7 Problems and the Solutions of Remote Team Working
Achieving the optimal working solutions remotely can be difficult at times; especially when working from home. This can be communication, collaboration and efficiency disparities across the team. Although, working remotely has significant advantages for collaboration opportunities especially when done effectively. It can as a collective have wider implications for teamwork, communication and productivity.
1) Productivity attitudes to working from home
It is likely that your team is diverse in demographics such as age, skills, experiences and qualities which can cause differing attitudes to exist about working from home. As a result, individuals will already have anticipated problems or synergies that can undermine or improve productivity. These attitudes can be based on past, pre-existing or long-term anticipations.
Speak with the team at regular intervals to help assess where these attitudes come from. Be open and available to listen, understand and take the initiative to identify where these attitudes stem from and regularly remind the team of the company, department and client expectations. Finally, when managing a team, it is important to lead by example by remaining realistic, avoid negativity and guide the team accordingly.
Technology can be a double-edged sword. It can either be really helpful or disruptive especially when there are technical issues. Be aware that different technological issues exist for different people in the team. There could be connectivity issues, speed of internet which can differ by geographic region, shared computers and technologies, and even different skill levels with different skills and understanding on setting up and using new software.
Offer your employees the same tool and access to technology either by providing work laptops and equipment. Also ensure that your IT support team and systems are helpful and good at helping. Finally, remind the whole team of the importance of cybersecurity as any adverse infiltration can cause major issues. Finally, the training opportunities to adjust to new process and operational software must be readily available with good support.
3) Bullying and Gossip
The working culture can create opportunities for inappropriate conversations and unfortunately a space for bullying and unnecessary gossip. It is important to remind the team the importance of professional conversations. If you are using WhatsApp, Skype, Teams and other collective groups, remind the team to only share information that they feel comfortable with and apply good judgement on what is appropriate, important and useful. This is not the space necessarily for inappropriate memes, banter and non-conventional beliefs or offensive content.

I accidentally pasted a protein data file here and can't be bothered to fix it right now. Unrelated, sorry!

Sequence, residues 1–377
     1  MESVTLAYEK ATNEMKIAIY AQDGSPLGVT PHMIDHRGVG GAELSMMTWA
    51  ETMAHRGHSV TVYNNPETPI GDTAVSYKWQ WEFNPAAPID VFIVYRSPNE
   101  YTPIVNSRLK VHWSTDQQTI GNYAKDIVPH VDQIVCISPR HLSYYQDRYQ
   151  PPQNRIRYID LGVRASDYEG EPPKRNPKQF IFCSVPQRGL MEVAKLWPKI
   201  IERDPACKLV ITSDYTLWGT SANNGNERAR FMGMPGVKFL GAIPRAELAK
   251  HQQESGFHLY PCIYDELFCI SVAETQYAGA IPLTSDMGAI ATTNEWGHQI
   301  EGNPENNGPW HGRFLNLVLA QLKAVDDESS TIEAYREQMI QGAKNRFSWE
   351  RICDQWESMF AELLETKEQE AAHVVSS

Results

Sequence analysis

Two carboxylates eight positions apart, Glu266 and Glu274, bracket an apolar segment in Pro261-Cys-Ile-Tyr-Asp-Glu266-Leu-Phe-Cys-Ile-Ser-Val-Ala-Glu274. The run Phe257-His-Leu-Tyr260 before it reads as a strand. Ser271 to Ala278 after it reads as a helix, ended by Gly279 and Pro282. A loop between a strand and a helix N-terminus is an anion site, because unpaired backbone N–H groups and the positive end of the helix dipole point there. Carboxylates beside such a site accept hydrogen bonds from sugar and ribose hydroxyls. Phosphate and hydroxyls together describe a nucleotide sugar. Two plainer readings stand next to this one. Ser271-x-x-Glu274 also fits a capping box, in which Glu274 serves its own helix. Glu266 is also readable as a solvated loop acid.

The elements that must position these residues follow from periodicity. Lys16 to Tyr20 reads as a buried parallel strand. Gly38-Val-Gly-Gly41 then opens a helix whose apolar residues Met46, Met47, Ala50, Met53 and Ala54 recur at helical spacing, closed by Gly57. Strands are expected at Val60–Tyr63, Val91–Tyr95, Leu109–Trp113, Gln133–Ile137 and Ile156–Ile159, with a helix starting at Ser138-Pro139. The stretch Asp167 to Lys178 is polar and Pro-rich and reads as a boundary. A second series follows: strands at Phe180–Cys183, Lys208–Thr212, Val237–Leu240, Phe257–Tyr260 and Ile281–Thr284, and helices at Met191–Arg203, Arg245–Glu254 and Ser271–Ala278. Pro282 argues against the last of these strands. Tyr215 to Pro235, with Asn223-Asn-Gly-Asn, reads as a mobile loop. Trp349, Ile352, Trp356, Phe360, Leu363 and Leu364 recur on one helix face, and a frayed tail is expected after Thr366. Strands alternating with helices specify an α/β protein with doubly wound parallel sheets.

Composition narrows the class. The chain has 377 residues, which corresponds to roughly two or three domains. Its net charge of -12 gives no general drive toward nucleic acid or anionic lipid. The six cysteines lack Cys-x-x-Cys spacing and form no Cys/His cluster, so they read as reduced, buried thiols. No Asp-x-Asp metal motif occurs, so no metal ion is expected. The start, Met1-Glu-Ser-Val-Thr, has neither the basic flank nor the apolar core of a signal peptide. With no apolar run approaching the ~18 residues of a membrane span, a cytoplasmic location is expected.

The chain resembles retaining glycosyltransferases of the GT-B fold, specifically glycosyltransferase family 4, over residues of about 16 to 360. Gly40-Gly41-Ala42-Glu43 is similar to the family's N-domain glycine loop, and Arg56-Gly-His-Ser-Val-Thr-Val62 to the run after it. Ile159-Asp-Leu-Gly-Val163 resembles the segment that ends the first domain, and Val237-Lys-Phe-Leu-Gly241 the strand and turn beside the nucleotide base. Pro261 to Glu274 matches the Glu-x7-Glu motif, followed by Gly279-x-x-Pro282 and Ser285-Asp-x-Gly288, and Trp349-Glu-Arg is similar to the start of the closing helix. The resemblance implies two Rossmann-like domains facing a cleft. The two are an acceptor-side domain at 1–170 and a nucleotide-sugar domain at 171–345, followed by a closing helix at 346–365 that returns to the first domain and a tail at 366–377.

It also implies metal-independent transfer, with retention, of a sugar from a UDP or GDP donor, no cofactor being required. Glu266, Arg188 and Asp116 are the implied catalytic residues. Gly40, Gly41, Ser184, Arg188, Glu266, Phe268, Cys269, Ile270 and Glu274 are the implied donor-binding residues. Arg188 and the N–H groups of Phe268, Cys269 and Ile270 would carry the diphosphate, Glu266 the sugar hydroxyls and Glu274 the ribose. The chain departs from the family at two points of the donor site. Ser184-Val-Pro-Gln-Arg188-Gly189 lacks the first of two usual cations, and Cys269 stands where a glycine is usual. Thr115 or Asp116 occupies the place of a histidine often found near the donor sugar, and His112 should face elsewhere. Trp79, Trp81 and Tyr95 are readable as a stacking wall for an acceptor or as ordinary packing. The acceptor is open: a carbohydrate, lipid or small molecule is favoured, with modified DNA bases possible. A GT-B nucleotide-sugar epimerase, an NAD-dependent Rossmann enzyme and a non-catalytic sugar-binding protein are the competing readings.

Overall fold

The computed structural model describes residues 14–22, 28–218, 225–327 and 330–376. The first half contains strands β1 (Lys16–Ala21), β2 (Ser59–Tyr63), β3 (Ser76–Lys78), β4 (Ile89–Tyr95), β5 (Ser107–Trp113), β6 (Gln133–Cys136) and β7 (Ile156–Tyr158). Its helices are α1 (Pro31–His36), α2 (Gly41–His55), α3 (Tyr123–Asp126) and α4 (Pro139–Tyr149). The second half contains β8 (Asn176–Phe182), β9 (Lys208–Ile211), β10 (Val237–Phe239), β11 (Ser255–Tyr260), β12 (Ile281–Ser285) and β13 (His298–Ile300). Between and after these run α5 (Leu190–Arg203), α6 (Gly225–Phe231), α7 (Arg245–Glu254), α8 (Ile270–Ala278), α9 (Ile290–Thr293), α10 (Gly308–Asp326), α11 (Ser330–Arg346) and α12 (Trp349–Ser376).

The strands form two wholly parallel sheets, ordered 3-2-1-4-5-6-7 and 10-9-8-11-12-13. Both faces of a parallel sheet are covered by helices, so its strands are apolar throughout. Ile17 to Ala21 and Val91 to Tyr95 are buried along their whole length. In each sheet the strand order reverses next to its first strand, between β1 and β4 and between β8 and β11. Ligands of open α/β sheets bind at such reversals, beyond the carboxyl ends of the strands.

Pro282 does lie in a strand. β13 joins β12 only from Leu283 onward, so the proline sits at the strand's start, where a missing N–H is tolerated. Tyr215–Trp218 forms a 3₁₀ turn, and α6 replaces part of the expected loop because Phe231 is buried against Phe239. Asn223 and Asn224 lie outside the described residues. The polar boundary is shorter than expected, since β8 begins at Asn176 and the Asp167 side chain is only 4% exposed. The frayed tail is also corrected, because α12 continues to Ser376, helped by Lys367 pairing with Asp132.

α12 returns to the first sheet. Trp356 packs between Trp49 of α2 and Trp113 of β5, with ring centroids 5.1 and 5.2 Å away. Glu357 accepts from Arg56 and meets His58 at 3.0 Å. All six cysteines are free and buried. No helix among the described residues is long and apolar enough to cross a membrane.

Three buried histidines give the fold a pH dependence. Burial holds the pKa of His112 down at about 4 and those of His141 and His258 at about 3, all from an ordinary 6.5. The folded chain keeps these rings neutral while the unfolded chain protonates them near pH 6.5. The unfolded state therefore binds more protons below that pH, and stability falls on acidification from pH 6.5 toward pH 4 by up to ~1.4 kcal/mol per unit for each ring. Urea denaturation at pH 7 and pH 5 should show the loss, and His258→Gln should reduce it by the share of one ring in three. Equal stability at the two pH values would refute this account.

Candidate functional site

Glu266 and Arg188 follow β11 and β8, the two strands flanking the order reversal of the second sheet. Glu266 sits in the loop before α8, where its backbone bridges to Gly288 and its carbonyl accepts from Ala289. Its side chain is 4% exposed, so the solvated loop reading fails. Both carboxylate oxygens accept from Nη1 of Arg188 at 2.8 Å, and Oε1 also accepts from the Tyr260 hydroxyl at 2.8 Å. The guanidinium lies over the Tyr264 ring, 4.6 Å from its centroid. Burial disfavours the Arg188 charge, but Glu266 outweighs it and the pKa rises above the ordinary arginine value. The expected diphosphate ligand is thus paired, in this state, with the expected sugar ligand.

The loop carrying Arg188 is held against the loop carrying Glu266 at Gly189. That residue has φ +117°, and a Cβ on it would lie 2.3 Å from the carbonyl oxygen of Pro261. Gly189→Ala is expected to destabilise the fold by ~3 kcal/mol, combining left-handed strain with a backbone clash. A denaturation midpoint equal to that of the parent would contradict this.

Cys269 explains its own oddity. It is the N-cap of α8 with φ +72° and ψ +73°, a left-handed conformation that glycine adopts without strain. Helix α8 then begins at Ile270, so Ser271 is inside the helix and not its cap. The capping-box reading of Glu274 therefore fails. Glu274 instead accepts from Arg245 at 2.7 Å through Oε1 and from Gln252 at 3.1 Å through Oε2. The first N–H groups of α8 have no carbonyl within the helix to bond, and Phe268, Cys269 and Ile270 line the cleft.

Make short and simple ground rules and remind the group that conversation is monitored by the relevant departments. Refer the team back to company policies regarding harassment, bullying and diversity as well as the importance of making the team environment as professional and polite as possible without the expense of others.
4) Channels and Approval
Working from home can create blurred or warped perceptions of roles and responsibilities such as who can oversee, approve, take on and of course sign off deliverables. This is because emails and work requests can be sent to any member of the team without including the line managers in the workload. This can create quality problems, time issues and inefficiencies in the allocation of responsibilities.
Resolving this can be very easy by ensuring new and existing members are clear on their roles and responsibilities, who they report to and the organisation chart on who is responsible for certain processes and projects.
5) Different locations and time zones
People may choose to work from different locations and time zones which can create issues on communicating deadlines, responsiveness and extent of productivity especially if they are working in rural areas with low connectivity.
Diarise the preferences of people working times and days and encourage the member of the team to share where they are working from.
6) Using skewed indicators of performance
It is easy to use how many hours your team works as a good indicator of performance. Whilst it may show dedication, it is not a good indication of productivity. This can encourage stress, burnout and resentments.
Do not incentivise the number of hours worked. Do not link it to bonuses, promotion, client projects or even performance. Instead use quality, organisation, time management, meeting client deadlines and other useful categories as your measurement of good performance.
The wellbeing situation for each individual is different. Some people are dealing with loneliness, others financial burdens, and some extra caring responsibility, others health and mental wellbeing or even domestic pressures. The truth is that a manager can never truly know; however, to some extent, the safety and wellbeing of the team is important to a good manager.
Regularly remind the team of the support avenues available for professional and personal issues. Conduct regular one to one meetings and catch-ups as an opportunity to listen to work progress and anything that can be indicative of serious underlining issues that your colleague or team would like to let you know.